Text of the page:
In India, same-sex marriage is currently not legal, as Section 377 of the Indian Penal Code criminalised homosexuality. However, in 2018, the Supreme Court of India decriminalised homosexuality and overturned Section 377, which was seen as a major victory for LGBTQ+ activists in the country.
Despite this development, the legal recognition of same-sex marriage in India is still a contentious issue. Cultural and religious conservatism are a major factor in the resistance to legalising same-sex marriage, as many Indians hold traditional beliefs that see marriage as a union between a man and a woman. There is also a lack of political will to change the status quo, with politicians fearing backlash from conservative voters and a lack of consensus within political parties.
However, there are compelling arguments in favour of legalising same-sex marriage, such as the issue of human rights. Denying the right to marry on the basis of sexual orientation violates basic human rights, including equality and non-discrimination. Legal recognition of same-sex marriage would provide LGBTQ+ individuals with legal protections and access to benefits like inheritance rights, healthcare, and adoption. It would also promote a more inclusive and tolerant society, benefiting all members of Indian society.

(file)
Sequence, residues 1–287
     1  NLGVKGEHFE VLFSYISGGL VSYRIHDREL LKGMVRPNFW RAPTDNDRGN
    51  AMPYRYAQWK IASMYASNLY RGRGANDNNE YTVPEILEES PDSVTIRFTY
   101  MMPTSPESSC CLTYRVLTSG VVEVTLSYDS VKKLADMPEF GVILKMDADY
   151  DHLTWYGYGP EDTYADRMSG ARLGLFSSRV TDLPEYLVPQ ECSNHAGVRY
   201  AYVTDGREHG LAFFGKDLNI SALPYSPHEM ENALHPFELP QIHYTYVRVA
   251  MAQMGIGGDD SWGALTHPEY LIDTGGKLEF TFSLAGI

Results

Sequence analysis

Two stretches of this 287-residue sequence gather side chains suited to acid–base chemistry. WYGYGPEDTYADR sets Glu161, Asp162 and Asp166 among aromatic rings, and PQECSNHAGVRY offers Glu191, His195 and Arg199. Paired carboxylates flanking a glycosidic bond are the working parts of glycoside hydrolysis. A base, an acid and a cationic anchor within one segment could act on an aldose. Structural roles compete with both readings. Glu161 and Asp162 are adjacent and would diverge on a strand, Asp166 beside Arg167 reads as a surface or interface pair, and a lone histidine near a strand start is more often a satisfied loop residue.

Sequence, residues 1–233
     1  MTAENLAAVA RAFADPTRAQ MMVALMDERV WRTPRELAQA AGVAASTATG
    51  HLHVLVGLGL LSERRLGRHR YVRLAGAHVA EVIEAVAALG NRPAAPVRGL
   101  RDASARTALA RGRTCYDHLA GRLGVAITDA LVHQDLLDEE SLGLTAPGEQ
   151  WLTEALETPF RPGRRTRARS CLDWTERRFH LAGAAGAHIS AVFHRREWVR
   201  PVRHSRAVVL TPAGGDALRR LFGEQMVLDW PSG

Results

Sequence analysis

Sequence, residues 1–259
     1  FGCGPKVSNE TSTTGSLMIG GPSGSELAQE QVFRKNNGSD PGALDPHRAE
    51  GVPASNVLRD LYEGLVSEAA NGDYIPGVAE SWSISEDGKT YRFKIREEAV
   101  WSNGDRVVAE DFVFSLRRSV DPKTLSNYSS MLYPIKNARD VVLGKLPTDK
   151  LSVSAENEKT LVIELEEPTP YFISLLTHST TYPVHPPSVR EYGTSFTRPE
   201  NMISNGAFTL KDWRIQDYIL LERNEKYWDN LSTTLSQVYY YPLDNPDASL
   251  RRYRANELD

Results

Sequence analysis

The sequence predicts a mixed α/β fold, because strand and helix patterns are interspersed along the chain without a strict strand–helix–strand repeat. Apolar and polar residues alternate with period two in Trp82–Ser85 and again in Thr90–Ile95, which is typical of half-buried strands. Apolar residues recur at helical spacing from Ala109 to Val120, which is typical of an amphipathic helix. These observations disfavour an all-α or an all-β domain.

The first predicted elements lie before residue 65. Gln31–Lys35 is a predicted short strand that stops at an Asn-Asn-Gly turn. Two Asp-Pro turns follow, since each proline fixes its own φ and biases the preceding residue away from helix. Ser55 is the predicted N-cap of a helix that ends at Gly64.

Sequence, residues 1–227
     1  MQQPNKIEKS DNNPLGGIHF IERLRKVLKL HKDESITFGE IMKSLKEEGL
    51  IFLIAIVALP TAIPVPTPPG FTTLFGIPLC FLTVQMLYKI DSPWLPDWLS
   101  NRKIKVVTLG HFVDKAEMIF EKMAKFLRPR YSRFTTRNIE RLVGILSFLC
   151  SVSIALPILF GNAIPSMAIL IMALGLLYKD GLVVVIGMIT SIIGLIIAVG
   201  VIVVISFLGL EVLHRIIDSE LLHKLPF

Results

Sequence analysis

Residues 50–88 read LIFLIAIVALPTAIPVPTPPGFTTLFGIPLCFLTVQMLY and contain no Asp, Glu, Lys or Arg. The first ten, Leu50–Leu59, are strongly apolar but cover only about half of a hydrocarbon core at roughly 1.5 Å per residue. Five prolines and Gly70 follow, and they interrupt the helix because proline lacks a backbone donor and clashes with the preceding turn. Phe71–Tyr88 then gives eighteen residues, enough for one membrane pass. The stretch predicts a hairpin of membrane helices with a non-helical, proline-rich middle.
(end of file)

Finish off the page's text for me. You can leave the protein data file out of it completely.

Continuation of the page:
The matter of legalising same-sex marriage in India is a challenging one that has faced opposition from various segments of society, including the government. A comprehensive analysis of the reasons behind the government’s reluctance to legalise same-sex marriages in India is provided below. Firstly, cultural and religious conservatism is deeply ingrained in Indian society, and many view same-sex relationships as immoral or against the natural order of things. Religious institutions, such as influential Hindu and Muslim organisations, have also opposed the idea of legalising same-sex marriages.
Secondly, despite the decriminalisation of homosexuality by the Supreme Court of India in 2018, many politicians remain hesitant to support same-sex marriages due to the fear of backlash from conservative voters. Furthermore, there is no consensus within political parties on the issue, and some politicians see it as too controversial to take a stance on, while others view it as a low priority for the government.